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A Tribute to the Creative Life of Paul Newman

He left fine creative work as an actor and warmth of personal character.

By Barbara Bowen | Updated June 15, 2018

September 2008 brought a sad, sweet farewell to Paul Newman, who died of cancer at the age of 83. Amidst the media gloom and campaign rancor of the season, a glance at his life makes for refreshing fare.

What film lover could forget Newman's understated blue-eyed "Cool Hand Luke," his tortured soul as Brick in "Cat on a Hot Tin Roof," his romantic charm as Butch Cassidy. Over the years, his characters helped us to articulate the spirit of our times. He became like a friend, journeying alongside us through the decades. His colleagues have long commented on his lack of outsized ego, his generosity on stage, and his abiding Ohio-born, down-to-earth perspective.

But he left not only fine creative work as an actor, or warmth of personal character. He left us an example, by his later work in philanthropy.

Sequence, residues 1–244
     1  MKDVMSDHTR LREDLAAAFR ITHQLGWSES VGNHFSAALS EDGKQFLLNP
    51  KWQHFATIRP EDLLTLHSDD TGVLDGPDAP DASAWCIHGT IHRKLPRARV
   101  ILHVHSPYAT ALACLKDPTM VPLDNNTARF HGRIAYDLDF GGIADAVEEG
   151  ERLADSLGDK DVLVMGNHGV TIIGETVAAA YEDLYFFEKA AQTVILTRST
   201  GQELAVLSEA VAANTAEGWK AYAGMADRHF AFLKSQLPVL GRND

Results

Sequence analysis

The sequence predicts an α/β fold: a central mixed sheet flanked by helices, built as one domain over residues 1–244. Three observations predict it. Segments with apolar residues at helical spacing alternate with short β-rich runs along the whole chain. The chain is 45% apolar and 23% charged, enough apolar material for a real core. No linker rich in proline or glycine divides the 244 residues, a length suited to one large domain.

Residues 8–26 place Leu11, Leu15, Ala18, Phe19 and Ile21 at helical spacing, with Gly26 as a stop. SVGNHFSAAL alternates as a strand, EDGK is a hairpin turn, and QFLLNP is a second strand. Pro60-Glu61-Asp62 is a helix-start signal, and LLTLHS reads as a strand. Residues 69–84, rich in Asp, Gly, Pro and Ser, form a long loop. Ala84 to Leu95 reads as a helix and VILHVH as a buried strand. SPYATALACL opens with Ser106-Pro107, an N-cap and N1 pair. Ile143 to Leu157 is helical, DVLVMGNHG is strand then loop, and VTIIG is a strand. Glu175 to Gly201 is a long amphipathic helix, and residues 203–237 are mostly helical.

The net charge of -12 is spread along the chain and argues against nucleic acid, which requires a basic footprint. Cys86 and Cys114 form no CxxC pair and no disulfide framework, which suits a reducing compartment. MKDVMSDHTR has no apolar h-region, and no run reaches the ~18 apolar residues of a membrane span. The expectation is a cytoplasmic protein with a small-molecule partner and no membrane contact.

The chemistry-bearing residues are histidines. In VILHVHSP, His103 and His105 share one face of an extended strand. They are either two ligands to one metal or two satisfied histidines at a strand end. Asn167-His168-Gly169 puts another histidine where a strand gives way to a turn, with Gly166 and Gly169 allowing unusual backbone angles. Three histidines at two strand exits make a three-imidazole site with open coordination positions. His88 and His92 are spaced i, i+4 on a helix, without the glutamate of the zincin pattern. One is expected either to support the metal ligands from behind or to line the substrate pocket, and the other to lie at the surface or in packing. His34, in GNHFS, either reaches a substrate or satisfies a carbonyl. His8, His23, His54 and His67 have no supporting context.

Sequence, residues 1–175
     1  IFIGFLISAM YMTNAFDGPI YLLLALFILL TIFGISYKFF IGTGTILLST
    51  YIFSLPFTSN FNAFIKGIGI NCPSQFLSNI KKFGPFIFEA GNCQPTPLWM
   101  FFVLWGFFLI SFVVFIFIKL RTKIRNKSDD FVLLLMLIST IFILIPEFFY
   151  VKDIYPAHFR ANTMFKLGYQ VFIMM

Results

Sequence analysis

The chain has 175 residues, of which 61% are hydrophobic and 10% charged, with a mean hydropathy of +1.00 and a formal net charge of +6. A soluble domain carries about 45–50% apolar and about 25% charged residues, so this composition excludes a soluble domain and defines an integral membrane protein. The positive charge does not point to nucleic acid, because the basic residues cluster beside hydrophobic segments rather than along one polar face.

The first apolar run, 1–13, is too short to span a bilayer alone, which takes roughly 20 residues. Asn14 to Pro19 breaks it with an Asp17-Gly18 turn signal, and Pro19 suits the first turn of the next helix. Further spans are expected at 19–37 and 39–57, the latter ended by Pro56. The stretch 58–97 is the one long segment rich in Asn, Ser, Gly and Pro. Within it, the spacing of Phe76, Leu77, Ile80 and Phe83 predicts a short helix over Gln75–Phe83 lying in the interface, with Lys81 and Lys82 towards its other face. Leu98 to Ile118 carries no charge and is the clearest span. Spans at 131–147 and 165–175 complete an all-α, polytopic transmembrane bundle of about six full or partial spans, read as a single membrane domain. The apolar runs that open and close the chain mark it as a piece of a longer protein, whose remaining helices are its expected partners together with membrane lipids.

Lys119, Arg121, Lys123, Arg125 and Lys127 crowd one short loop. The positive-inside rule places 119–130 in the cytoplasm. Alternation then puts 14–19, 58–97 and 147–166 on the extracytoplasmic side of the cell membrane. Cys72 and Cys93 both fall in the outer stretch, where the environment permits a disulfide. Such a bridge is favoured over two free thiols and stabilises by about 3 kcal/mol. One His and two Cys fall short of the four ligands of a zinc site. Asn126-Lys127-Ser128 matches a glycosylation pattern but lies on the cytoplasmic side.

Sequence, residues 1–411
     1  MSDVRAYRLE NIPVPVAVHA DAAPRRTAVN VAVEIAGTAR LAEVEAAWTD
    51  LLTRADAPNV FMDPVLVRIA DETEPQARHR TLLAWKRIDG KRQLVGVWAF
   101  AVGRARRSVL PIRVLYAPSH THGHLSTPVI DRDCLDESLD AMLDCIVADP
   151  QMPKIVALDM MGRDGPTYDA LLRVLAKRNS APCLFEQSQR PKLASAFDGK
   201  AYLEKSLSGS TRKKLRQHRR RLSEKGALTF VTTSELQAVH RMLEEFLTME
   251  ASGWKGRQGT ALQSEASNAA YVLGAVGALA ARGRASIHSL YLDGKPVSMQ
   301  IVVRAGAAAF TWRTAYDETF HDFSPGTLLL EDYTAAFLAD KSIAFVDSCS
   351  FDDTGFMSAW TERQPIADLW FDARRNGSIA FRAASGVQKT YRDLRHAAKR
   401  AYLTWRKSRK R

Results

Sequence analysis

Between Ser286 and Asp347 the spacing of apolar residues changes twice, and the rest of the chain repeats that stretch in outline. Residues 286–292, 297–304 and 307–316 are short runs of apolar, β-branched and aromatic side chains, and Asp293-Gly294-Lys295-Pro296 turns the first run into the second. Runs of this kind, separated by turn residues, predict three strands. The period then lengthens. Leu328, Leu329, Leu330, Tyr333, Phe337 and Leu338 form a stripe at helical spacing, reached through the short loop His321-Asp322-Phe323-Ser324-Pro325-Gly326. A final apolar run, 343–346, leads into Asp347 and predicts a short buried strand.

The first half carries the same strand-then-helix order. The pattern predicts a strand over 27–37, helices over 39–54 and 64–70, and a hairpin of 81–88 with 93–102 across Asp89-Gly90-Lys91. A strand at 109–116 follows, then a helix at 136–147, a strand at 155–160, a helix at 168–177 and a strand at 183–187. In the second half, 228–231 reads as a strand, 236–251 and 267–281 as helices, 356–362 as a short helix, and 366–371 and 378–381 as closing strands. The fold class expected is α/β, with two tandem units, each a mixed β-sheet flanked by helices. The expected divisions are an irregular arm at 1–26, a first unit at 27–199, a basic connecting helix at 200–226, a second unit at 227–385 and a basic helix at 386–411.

It all started the Christmas of 1980, when he and his Westport neighbor, A.E. Hotchner, filled old wine bottles with Paul's homemade salad dressing as gifts to friends. They wound up lining the shelves of a local gourmet shop, as a joke. But sobriety arrived when the dressing sold out, detailed in a book the two penned years later — "Shameless Exploitation in Pursuit of the Common Good." In a nutshell, by 2008, Newman's Own Foundation had donated more than 250 million dollars to charities around the world. His Hole in the Wall Camps bring, at no charge, joyful experiences to seriously ill children. He also helped found the Committee Encouraging Corporate Philanthropy.

Strange how we can grow to love a public figure whom we've never met. His passing, for many Americans, feels akin to losing a family member. One whose roles are still very much alive: loving family man and friend, gifted actor, progressive activist, and philanthropist with a sense of humor. To sum it up, a humanitarian we will never forget.

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©2008 Barbara Bowen. All rights reserved.